Then they’d all jump you and beat the heck out of ya’. This would not deter you as you continued your argument with the following: H2 is the second civilian vehicle from AM General, put together in Indiana, in a purpose-built plant next to the one that cranks out 1000 civilian versions a year of the original Hummer. There are design cues on the new H2 that connect it to its forebear: squared-off edges, near-vertical windshield, the dashboard and instruments and that fearless, hungry-looking grille. But mechanically the H1 and H2 are as separate as half-brothers. How is that possible?


    The original Hummer was built for the military to repel a major Soviet Bloc invasion against NATO. It did that so well the Soviets never attacked. But when military sales fell off at the end of the Cold War, AM General looked to the civilian market to make up cash. The civilian market was a strange new world for AM General. Civilians wanted things like customer satisfaction, torsional stability and wind noise lower than a C-117 at takeoff. When civilian buyers got their first taste of the H1, they were shocked by its ergonomically hostile interior, rattly body and loudness. Yet, for a hearty 1000 buyers a year that was its appeal.

    To sell something in bigger numbers, AM General knew it would have to aim more at the mainstream without losing the Hummerness that gave it legitimacy in the first place.

    Coincidentally, at the same time General Motors wanted a way to cash in on some Hummer cachet. So in January 1999, GM and AM General signed a “contract manufacturing agreement” to have AM General build the H2 using lots of GM parts. A year later the team was assembled from GM Truck and AM General personnel and 16 months after that came our first drive in a finished H2.

    “We had two objectives,” said assistant vehicle line executive Ken Lindensmith. “It had to act like a Hummer and it had to look like a Hummer.” It does both but it does them without the clanking military baggage of the H1. Here’s how:

    The H2 starts as your basic GMT820 truck platform, the one introduced on Chevy and GMC pickups in 1999 and now forming the basis for the Suburban, Tahoe, Yukon, Escalade and the rest of GM’s full-size trucks and sport/utilities. The basic suspension is also from the trucks. The H2 drivetrain consists of a Vortec 6.0-liter gasoline V8 making 316 horsepower at 5200 rpm and 360 lb-ft of torque at 4000. It’s attached to a 4L65E four-speed automatic.

    But that wouldn’t make it a Hummer; that would make it something like a boxy, wind-resistant Escalade, which it ain’t. The H2 is not just a cosmetic rebadge of a Tahoe dressed up to look like an Army mutant. There are several mechanical measurements and items of hardware that make an SUV truly off-road capable and they’re all here on the H2.


    Start with approach and descent angles. With the optional airbag rear suspension cranked up to maximum height, the H2’s approach angle is 41.7 degrees and the departure angle is 41.8. Designers chopped off eight inches from the front of the standard GMT820 sled and a few more off the rear to get that figure. It means you can ease the H2 up against just about any block of stone and creep right on up it. Breakover angle at full extension is 27.5 degrees, meaning you can crest a much sharper rise than you could in a typical GM SUV and way more than the average urban sport/utility.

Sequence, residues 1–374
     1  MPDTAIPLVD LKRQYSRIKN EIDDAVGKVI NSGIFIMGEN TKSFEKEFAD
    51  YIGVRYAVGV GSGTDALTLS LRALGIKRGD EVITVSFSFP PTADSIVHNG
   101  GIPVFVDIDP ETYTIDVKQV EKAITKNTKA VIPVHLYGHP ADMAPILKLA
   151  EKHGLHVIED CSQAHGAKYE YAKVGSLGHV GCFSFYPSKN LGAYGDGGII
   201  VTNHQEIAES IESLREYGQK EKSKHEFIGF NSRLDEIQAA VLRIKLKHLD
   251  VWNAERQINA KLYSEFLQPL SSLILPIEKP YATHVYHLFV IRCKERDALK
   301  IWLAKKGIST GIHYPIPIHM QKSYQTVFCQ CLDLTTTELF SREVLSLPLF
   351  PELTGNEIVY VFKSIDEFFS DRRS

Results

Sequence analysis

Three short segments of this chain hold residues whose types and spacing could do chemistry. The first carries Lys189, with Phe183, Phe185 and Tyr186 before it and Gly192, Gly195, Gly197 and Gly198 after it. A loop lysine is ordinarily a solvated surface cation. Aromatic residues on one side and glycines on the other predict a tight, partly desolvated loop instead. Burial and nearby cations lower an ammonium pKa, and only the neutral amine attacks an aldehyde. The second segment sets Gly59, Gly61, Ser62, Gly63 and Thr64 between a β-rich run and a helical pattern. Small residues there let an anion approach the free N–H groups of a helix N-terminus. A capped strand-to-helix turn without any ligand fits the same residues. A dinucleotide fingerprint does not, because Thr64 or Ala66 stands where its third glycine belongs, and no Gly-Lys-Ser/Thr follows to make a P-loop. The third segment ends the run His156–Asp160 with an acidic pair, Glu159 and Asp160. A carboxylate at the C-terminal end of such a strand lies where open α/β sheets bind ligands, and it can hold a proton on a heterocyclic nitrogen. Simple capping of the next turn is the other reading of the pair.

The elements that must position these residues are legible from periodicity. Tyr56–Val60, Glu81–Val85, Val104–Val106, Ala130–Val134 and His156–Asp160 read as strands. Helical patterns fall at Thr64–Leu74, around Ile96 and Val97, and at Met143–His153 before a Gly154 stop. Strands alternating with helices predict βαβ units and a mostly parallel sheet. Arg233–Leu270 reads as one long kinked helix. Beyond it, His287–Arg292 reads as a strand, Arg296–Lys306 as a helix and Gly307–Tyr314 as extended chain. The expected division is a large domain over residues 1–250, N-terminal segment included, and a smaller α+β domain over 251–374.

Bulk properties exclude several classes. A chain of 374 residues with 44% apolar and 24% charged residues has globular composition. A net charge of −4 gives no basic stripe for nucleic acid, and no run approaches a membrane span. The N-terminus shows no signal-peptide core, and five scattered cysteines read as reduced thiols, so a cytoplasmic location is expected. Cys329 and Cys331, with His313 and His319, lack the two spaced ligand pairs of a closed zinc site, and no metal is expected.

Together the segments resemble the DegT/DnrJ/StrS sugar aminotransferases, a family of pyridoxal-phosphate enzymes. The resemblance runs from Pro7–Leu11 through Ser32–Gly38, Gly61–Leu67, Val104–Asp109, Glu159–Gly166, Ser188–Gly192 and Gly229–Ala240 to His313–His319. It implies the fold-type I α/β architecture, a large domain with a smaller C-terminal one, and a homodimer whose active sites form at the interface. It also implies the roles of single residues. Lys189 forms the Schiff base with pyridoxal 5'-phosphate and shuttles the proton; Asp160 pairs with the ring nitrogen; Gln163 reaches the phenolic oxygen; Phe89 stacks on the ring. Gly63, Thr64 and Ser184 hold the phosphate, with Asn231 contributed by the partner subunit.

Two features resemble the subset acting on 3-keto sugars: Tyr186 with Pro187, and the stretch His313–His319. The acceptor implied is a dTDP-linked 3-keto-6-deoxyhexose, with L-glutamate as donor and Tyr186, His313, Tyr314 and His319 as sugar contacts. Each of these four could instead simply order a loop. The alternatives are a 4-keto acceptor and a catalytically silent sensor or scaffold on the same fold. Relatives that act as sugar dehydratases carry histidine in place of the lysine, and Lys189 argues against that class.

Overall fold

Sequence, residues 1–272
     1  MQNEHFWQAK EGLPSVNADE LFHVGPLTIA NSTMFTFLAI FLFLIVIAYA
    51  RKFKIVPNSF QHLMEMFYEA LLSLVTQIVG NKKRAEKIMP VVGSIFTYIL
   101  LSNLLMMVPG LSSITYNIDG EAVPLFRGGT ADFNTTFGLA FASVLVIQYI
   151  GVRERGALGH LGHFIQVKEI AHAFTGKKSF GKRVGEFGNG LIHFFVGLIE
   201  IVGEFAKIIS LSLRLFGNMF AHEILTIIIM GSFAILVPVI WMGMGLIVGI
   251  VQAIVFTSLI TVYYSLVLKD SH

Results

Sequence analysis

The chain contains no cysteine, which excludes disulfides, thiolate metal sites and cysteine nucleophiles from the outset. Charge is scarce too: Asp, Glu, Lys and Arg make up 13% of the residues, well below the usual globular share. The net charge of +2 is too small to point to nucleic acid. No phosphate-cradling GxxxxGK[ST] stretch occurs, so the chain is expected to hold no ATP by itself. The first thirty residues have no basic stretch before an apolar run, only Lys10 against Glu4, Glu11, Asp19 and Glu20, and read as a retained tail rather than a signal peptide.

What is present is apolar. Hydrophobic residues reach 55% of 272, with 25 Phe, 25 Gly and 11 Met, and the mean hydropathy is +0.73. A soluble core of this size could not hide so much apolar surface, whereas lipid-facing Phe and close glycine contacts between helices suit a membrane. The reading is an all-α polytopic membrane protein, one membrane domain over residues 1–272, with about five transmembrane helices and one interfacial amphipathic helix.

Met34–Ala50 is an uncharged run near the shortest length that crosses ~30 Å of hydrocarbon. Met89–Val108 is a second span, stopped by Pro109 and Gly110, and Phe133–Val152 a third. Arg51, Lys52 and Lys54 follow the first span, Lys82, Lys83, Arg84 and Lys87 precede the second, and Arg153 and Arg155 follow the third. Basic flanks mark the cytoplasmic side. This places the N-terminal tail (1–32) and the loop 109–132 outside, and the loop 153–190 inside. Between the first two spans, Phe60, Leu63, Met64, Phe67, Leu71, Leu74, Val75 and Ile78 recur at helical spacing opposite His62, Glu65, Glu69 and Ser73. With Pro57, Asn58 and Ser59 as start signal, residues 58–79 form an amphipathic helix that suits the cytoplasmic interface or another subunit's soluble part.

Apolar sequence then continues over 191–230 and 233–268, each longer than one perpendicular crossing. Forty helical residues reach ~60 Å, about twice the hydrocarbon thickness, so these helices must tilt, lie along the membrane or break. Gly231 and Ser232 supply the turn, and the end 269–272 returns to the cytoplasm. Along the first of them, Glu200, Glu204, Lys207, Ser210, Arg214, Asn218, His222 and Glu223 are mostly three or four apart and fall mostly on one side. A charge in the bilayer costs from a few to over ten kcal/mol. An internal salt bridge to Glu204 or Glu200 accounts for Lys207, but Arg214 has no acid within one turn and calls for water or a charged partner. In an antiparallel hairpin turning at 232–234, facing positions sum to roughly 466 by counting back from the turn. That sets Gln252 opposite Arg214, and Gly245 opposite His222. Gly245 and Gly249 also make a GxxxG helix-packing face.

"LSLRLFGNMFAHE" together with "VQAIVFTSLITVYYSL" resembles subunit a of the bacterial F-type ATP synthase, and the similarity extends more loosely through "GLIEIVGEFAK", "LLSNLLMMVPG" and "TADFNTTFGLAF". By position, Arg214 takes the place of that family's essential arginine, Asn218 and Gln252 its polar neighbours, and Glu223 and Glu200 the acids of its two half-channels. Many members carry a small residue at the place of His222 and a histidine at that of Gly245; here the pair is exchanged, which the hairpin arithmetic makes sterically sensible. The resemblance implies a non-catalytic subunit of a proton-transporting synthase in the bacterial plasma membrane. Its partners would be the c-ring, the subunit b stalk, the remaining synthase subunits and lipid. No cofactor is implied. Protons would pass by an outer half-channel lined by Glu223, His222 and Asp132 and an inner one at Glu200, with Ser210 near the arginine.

But those rocks waiting out there in the wild American West haven’t read the Hummer press kit. They’re sitting out there right now waiting to take a bite out of any transfer case or differential that comes along. Some rocks even exceed the H2’s 41.7-degree approach angle and 27.5-degree breakover angle. For them the H2 has skid plates, brush guards and welded cages bolted all along its underside from front to back like a psychotic, welded-metal rock weasel.

    Undertray areas with items that don’t require regular maintenance get beefy skid plates. Items underneath that you might like entry to, such as oil filters and transmission cases, get a cage that allows handy service access while preventing rocks from ripping the vital parts to shreds. Even the seal on the rear differential case is shingled, meaning it overlaps front to rear, so that dragging it over a rock won’t pull it apart as easily.


    While the front suspension is a torsion bar setup, which is standard fare for four-wheel drives, the rear comes in your choice of a five-link coil spring or airbag suspension. The airbag, called an “air spring” by GM, not only keeps the ride level regardless of load, but can be adjusted from the driver’s seat for an extra two inches of ground clearance.

    The transfer case is no viscous diff from a minivan, either. It’s a Borg-Warner 44-84 full-time single offset unit with a low-range lock gear reduction of 2.64:1, which combined with the 4.10 final-drive, leaves you with a 33:1 crawl ratio. What does all that mean? It means that between the case’s seven modes of operation you can forget about using the brakes on all but the steepest downhill sections, you can crawl up a grade as steep as 60 percent and can cruise along a paved highway without listening to gear whine and driveline bind at about as fast a clip as the H2’s parachute-like aerodynamics will let you.


    We know all this because we spent four days in Moab driving H2s. And not four days in greater metropolitan Moab, either. Under the guidance and tutelage of AM General and GM truck engineers, we crept, crawled and connived a caravan of them over Moab’s infamous Poison Spider and Golden Spike trails.